WASHINGTON (AP) — President Donald Trump on Wednesday revoked an Obama-era requirement for reporting civilian casualties that resulted from U.S. intelligence operations in non-combat areas across the globe.
Trump struck a section of an executive order issued by former President Barack Obama that required both the Pentagon and the intelligence agencies to report on civilian casualties that occurred during their operations. There are other provisions that still require the Pentagon to report on civilian casualties caused by military operations outside of combat areas.
"I don't know why they're being coy," said Steven Aftergood, a government secrecy expert at the private Federation of American Scientists. "They are not saying, 'We don't want to report CIA operation casualties,' but that's what they're doing. They are eliminating reporting of casualties arising from CIA operations."
In a statement, a spokesman for the White House National Security Council said the U.S. government is fully committed to "minimizing — to the greatest extent possible — civilian causalities and acknowledging responsibility when they unfortunately occur during military operations."
The spokesman, who spoke only on condition of anonymity to elaborate on the president's written order, said Trump's action eliminates "superfluous" reporting requirements that don't "improve government transparency, but rather distract our intelligence professionals from their primary mission."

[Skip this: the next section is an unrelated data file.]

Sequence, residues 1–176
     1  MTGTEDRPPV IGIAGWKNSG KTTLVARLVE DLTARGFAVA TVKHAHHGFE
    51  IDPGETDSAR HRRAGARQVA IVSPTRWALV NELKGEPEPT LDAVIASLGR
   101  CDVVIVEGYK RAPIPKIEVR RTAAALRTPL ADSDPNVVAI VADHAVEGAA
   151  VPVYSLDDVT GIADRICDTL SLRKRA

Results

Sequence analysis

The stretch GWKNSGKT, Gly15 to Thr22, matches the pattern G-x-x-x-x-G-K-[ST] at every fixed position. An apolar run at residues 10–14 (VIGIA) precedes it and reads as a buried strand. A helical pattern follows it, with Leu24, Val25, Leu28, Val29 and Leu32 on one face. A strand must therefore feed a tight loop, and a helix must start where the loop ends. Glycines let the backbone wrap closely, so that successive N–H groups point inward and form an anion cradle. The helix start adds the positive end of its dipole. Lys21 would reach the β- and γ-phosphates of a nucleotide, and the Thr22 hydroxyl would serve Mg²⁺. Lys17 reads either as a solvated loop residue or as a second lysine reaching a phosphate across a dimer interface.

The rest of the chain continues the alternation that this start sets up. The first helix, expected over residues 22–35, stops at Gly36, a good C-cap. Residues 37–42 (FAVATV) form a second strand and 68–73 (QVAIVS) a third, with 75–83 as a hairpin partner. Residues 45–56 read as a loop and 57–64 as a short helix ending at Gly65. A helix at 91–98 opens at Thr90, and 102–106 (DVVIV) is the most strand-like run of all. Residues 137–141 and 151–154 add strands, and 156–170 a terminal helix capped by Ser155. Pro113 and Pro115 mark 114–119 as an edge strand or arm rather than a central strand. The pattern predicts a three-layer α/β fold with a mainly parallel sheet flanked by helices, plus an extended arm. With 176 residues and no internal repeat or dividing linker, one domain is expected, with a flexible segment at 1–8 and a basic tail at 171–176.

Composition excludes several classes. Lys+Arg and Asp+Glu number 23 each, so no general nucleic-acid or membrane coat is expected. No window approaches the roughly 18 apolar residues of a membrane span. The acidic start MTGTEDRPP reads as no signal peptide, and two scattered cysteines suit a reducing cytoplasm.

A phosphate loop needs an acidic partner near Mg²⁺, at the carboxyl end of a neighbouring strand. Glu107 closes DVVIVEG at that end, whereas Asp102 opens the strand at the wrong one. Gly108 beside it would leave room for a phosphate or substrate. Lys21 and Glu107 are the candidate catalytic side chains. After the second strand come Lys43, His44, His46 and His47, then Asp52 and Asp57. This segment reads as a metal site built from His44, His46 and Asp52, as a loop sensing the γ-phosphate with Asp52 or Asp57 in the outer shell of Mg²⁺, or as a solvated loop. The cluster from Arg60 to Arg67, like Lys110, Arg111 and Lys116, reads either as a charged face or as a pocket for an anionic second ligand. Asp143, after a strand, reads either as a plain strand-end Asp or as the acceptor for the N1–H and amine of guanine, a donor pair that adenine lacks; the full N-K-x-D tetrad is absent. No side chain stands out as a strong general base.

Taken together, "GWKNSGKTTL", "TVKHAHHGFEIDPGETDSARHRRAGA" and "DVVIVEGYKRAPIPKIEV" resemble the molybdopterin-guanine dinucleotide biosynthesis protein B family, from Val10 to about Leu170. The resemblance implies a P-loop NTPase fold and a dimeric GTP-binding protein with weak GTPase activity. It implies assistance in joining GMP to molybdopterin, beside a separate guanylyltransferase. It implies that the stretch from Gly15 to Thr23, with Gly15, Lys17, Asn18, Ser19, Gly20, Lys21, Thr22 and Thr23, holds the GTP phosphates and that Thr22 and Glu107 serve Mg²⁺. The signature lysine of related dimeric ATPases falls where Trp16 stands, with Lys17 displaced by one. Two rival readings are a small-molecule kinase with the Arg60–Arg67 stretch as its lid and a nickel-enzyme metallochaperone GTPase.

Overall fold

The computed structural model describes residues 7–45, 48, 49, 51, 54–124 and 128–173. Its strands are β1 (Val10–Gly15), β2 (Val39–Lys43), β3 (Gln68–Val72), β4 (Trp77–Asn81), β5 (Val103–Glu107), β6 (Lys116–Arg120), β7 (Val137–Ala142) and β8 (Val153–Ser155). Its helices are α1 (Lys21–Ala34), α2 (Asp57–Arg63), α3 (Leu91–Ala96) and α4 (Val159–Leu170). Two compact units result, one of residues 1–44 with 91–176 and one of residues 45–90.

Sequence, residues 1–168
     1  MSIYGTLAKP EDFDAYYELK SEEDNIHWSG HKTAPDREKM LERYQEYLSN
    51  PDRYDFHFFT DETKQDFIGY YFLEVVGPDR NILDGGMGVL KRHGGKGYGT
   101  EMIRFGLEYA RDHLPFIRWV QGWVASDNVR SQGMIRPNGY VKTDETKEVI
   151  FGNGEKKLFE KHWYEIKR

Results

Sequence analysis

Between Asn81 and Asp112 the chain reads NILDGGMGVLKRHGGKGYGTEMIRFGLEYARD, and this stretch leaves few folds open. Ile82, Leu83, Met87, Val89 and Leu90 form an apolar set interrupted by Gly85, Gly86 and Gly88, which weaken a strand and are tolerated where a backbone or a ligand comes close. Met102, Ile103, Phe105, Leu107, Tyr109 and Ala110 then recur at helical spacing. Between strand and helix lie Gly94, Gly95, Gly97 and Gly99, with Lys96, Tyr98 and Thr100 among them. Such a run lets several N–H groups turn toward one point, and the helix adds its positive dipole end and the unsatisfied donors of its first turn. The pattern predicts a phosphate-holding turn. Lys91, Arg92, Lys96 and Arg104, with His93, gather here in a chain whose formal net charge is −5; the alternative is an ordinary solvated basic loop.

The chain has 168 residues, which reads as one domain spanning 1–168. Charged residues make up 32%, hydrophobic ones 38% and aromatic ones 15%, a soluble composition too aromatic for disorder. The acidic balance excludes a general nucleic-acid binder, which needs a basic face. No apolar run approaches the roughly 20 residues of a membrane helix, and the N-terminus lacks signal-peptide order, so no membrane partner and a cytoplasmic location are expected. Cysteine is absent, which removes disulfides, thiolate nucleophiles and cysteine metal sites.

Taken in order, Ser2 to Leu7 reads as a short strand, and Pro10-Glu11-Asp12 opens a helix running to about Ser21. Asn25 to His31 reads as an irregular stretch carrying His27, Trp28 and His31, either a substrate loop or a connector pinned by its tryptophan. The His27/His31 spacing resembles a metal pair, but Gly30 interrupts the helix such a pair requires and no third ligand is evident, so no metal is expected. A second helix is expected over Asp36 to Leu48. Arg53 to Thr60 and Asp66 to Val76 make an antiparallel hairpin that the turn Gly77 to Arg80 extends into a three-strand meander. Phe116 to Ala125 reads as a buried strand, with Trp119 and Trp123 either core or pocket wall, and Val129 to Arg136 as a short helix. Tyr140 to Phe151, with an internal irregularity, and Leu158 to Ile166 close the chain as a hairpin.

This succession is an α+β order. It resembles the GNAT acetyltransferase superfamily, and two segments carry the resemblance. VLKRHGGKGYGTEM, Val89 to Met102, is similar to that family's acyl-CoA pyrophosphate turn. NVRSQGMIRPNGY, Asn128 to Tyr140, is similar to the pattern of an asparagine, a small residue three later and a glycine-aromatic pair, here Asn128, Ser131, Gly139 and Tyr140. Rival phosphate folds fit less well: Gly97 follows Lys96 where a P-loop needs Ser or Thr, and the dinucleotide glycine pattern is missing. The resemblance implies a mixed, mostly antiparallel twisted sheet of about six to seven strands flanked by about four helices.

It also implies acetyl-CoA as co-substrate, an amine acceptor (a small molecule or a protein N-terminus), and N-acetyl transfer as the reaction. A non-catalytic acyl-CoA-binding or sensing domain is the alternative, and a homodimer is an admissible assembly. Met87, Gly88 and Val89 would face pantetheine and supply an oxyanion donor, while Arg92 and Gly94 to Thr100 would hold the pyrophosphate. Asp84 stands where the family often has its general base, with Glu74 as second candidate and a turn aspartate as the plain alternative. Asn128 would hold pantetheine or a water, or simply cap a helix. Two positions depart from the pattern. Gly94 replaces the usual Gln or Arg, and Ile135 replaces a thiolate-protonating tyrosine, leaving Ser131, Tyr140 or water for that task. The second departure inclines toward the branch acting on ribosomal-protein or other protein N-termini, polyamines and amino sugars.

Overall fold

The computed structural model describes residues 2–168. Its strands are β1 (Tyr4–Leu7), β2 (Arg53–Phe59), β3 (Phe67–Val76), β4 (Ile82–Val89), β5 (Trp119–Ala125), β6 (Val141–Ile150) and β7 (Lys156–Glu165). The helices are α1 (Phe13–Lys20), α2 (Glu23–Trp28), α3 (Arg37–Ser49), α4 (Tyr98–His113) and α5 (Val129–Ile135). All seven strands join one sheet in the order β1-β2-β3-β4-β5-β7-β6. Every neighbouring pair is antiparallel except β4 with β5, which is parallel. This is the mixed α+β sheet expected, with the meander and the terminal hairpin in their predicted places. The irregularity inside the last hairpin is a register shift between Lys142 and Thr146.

Hina Shamsi, director of the American Civil Liberties Union's national security project, said Trump's action increased secrecy about the United States' killing of people abroad and was "deeply wrong and dangerous for public accountability."
"This decision will hide from the public the government's own tally of the total number of deaths it causes every year in its lethal force program," Shamsi said.
Rep. Adam Schiff, D-Calif., the chairman of the House intelligence committee, said there was no justification for Trump to no longer require the national intelligence director to produce an annual report on civilian casualties that result from the U.S. government's use of targeted legal force abroad.
Schiff called the move a "troubling retreat from transparency" and pledged to make the reporting by the intelligence agencies mandatory again by including it in this year's intelligence authorization bill.